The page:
Dr. VanDercar has disclosed no relevant financial or other interests in any commercial companies pertaining to this educational activity.
CHPR: Please tell us about yourself; you have a background in both law and psychiatry, right? Dr. VanDercar: Correct. I practiced law in Florida for a couple of years, working as in-house counsel and risk manager for a medical practice. I then remained in Florida for medical school before moving to Cleveland for psychiatry residency and a forensic psychiatry fellowship. I am now a psychiatrist at a state hospital in Ohio.
CHPR: Can you start by telling us some key points that we should know about testifying? Dr. VanDercar: It’s important to remember that the American legal system is adversarial. It is a boxing match dressed up to look like a boardroom. When you testify, one side will be “against” your position. Your treatment decisions and diagnostic impressions will be questioned and challenged. You might feel attacked. It’s not personal—it’s how the justice system works. As psychiatrists, we know how to remain calm when we deal with acutely ill patients whom we need to de-escalate, or hostile patients who disagree with our treatment recommendations. It’s important to maintain that same professional calm when we testify, especially during cross-examination. Don’t get flustered. Don’t become argumentative. If you feel your cool fading, switch to the approach that you use when dealing with a hostile or agitated patient.
CHPR: What other tips can help us in court hearings? Dr. VanDercar: It’s important to remember your role. As a treating psychiatrist at a civil commitment hearing, you are there as a fact witness as opposed to an expert witness. You are there to testify as to what you have seen with your patient and how that led to your decision to request involuntary civil commitment. So, you need to know the specific legal standard—for example, the standard for civil commitment—that your testimony is being used to support.
CHPR: Can you say a little more about the legal standards? Dr. VanDercar: It’s not enough to describe your patient’s symptoms, even if they are acutely psychotic. Being mentally ill is not a sufficient reason for a patient to be committed. State commitment statutes have specific standards; for example, their criteria may require a mental illness to present an imminent risk of harm (to self or others) or grave disability. You are there to share the clinical information that supports your belief that a patient meets the specific legal criteria for commitment. If the patient’s commitment request is based on suicidality, don’t just say that they “have suicidal thoughts.” Provide verbatim descriptions of what the patient has said, and how their specific history and current symptoms support your assessment of a high suicide risk. Be ready for questions. Know the details of the hospitalization, such as when and why a patient required emergent medications.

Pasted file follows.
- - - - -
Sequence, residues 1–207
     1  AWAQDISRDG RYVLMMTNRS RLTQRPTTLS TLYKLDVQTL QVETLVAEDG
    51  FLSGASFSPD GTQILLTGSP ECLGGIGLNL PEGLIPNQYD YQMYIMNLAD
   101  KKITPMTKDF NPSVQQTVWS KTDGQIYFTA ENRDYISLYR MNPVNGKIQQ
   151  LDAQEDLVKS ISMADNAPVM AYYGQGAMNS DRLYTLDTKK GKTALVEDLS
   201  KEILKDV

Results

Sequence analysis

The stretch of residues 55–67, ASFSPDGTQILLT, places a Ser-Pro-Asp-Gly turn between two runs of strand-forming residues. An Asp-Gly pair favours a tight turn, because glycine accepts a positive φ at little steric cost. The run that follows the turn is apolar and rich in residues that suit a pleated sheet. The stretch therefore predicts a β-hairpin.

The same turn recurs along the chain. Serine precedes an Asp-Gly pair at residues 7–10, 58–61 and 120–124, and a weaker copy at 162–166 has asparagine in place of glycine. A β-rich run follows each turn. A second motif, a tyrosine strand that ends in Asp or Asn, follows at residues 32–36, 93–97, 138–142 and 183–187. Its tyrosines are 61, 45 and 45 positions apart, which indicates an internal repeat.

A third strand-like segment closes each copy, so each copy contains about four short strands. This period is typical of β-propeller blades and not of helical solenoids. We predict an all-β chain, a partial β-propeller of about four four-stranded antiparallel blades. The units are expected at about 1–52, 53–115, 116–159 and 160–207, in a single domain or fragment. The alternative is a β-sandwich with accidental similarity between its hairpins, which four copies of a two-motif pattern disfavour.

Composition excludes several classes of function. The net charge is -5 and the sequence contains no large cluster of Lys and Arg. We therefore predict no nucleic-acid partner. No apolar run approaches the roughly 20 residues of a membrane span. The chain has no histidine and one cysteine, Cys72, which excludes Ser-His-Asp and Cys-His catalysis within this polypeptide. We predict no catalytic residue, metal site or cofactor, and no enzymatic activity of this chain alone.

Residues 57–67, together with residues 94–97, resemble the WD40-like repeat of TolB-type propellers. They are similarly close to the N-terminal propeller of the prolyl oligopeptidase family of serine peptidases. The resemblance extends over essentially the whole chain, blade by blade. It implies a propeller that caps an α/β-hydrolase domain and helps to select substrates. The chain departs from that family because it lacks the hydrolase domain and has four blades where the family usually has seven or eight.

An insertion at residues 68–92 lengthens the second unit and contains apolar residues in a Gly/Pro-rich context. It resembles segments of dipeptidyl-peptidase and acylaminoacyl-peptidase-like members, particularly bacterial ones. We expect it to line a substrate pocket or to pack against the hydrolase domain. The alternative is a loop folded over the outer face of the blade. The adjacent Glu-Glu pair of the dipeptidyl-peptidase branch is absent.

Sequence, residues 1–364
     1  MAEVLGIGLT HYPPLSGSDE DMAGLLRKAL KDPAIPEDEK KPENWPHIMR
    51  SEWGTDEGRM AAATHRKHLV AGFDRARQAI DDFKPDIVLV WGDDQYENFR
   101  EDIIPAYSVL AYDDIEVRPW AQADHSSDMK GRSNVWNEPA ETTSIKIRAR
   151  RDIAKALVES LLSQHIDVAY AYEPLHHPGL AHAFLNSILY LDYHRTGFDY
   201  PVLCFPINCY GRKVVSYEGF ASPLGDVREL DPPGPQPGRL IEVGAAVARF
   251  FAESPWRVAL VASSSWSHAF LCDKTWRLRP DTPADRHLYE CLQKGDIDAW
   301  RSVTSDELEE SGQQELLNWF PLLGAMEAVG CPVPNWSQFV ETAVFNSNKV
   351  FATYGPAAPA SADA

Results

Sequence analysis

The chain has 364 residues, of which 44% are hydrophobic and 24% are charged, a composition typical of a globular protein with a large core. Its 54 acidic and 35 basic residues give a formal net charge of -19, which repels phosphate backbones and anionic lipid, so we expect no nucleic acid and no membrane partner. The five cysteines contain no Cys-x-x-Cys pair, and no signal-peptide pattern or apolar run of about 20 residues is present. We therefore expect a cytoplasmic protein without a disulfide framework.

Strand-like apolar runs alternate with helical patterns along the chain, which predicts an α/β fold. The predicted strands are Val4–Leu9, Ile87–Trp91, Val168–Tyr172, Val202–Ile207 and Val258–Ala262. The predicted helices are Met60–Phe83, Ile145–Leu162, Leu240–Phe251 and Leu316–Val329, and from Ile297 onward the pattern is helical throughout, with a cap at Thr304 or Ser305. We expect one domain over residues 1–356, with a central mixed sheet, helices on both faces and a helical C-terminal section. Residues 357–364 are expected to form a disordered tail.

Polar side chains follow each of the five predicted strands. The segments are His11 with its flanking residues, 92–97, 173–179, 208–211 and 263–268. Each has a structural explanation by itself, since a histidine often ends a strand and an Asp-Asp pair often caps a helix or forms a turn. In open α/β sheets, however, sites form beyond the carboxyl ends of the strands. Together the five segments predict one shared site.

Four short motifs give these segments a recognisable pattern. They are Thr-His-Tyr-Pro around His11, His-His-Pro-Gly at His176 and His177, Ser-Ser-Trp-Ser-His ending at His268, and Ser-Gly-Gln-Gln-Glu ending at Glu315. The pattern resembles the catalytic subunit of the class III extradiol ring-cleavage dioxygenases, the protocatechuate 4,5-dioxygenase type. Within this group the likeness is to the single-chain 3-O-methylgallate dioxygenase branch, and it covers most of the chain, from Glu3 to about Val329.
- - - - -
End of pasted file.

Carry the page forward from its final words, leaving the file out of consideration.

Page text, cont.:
CHPR: In Los Angeles, some details regarding a patient’s behavior, like information we receive from nurses or other staff, are not admissible in our testimony as they’re considered “hearsay.” Is this a common limitation on psychiatrists’ testimony? Dr. VanDercar: Hearsay is tricky. Although it sounds like a simple concept, in practice it can be pretty amorphous. Hearsay is a statement made out of court that is being introduced into court to prove its truth. The legal system doesn’t like hearsay because the witness is not in court—and thus cannot be cross-examined or confronted. So, for example, if a patient’s mother told me about the patient’s statements regarding a suicide plan, and I then cite the mother’s comments during my testimony to support the notion that the patient was suicidal at admission, that would technically be hearsay. Hearsay is, at baseline, inadmissible. However, there are many exceptions to the hearsay rule.
CHPR: Such as? Dr. VanDercar: Using this same example, the mother’s comments might fall into one of several exceptions. For example, the comments might be admissible if they were offered for the purpose of facilitating her son’s treatment when he was unable to speak for himself. Different states have different varieties, and interpretations, of hearsay and its exceptions. In California, there was a 2016 case called People v. Sanchez (63 Cal.4th 665) that resulted in a substantial tightening up on the use of hearsay. But other states handle hearsay differently. Some allow you to rely on statements documented in the medical record—whether they be by the patient’s family or by nursing—in addition to your own observations of the patient.